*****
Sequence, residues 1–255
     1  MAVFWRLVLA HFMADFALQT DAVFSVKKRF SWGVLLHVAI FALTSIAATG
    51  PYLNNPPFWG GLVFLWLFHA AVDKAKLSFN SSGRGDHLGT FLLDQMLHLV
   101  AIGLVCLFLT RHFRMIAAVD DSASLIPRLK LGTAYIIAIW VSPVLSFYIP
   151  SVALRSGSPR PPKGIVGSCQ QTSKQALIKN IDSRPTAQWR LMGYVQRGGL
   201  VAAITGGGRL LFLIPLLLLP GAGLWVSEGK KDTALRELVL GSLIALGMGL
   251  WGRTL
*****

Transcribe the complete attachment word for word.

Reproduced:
Sequence, residues 1–255
     1  MAVFWRLVLA HFMADFALQT DAVFSVKKRF SWGVLLHVAI FALTSIAATG
    51  PYLNNPPFWG GLVFLWLFHA AVDKAKLSFN SSGRGDHLGT FLLDQMLHLV
   101  AIGLVCLFLT RHFRMIAAVD DSASLIPRLK LGTAYIIAIW VSPVLSFYIP
   151  SVALRSGSPR PPKGIVGSCQ QTSKQALIKN IDSRPTAQWR LMGYVQRGGL
   201  VAAITGGGRL LFLIPLLLLP GAGLWVSEGK KDTALRELVL GSLIALGMGL
   251  WGRTL